Mechanics, properties of matter, wave motion, sound, heat. Science majors are encouraged to take PHYS 204A instead of this course. 3 hours discussion, 3 hours laboratory. This is an approved General Education course. (007394)
|PHYS 202B||General Physics||4.0||FS|
Prerequisites: PHYS 202A with a grade of C- or higher.|
Light, electricity, magnetism, selected topics in modern physics. Science majors are encouraged to take PHYS 204B instead of this course. Algebra and trigonometry are used. 3 hours discussion, 3 hours laboratory. (007395)
Upper-Division Requirements: 38 units
12 courses required:
|SUBJ NUM||Title||Sustainable||Units||Semester Offered||Course Flags|
|BLAW 413||Employment Law||3.0||FS|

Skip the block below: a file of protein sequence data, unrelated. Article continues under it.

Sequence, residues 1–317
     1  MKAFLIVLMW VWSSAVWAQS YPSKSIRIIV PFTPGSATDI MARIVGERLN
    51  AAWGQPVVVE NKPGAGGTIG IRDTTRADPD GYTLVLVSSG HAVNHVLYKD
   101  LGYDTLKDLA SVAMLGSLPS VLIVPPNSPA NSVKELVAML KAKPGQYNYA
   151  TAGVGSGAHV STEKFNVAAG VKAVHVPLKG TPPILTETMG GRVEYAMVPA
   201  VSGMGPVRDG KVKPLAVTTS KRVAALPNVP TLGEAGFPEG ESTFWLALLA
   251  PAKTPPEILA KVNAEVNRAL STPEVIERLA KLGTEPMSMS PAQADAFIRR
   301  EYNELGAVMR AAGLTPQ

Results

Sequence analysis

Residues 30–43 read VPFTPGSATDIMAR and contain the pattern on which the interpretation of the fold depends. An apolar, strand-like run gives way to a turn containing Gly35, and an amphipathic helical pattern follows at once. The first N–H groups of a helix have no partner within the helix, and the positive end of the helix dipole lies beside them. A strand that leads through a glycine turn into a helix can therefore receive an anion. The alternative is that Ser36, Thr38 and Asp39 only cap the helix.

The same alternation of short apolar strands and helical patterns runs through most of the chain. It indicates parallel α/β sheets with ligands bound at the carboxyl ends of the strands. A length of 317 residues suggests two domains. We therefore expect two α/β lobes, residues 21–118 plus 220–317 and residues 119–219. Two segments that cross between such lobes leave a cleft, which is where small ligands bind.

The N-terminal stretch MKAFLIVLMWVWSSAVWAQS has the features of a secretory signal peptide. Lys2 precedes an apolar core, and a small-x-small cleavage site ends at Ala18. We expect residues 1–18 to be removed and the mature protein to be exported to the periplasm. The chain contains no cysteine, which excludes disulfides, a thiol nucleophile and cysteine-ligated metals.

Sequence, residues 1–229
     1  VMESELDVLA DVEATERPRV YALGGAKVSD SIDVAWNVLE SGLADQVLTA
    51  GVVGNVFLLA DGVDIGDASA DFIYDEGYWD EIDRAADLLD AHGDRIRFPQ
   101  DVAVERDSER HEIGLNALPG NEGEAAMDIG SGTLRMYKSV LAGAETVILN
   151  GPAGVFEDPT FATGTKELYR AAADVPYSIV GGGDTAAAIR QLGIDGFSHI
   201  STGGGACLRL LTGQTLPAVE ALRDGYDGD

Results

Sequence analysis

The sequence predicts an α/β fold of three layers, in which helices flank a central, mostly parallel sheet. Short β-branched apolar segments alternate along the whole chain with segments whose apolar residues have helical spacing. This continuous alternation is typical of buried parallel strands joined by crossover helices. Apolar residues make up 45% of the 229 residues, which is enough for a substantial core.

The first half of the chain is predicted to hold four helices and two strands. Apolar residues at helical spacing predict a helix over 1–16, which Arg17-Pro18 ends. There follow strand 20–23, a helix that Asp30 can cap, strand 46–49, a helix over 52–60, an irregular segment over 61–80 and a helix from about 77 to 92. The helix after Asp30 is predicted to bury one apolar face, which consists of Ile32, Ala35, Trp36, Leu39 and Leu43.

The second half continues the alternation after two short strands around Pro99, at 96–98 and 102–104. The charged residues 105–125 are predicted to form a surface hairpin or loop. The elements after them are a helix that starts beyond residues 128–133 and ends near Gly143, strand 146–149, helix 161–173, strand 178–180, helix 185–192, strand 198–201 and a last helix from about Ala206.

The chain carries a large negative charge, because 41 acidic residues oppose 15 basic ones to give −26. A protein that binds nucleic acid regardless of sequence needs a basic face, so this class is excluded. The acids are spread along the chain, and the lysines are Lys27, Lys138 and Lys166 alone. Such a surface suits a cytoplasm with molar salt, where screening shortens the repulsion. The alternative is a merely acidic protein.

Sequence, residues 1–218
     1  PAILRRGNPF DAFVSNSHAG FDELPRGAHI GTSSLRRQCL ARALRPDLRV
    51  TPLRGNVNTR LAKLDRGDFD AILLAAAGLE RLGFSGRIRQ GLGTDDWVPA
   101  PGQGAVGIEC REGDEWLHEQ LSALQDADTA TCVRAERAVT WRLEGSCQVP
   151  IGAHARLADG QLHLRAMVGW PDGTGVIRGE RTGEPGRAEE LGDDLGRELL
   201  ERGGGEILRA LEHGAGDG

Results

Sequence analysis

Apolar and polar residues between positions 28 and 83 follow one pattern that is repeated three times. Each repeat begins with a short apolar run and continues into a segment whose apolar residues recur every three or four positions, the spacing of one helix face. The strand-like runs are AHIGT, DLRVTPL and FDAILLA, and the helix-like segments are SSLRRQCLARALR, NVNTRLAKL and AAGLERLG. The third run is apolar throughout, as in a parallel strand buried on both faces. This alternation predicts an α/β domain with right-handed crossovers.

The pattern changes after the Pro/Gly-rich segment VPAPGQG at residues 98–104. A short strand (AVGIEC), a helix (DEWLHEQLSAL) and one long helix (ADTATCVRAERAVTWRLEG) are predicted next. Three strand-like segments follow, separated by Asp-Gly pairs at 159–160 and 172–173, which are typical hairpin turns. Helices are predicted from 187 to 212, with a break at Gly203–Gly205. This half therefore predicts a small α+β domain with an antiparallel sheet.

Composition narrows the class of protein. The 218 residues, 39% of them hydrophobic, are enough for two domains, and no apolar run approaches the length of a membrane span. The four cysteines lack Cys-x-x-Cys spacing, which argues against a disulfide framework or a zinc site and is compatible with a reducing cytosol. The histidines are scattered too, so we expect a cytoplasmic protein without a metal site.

Prerequisites: At least junior standing.|
An in-depth study of federal and California employment laws as they affect the management of human resources, with appropriate consideration of ethical and global dimensions. Emphasis is on the legal rights and responsibilities of employers and employees in the employment relationship, primarily in a private-sector, non-union environment. 3 hours discussion. (001352)
|GEOG 304||Environmental Issues||3.0||FS||GE|
Geographic analysis of humanity's interaction with the environment. Examines natural and human systems, resources, population, energy, and pollution. Develops an appreciation of the beauty, balance, and complexity of natural systems and human success in attaining harmony with them. Enhances awareness and perception of each individual's role in and with the environment. 3 hours lecture. This is an approved General Education course. (003873)
|MGMT 460||Managing for Sustainability||3.0||FS|
Prerequisites: MGMT 303.|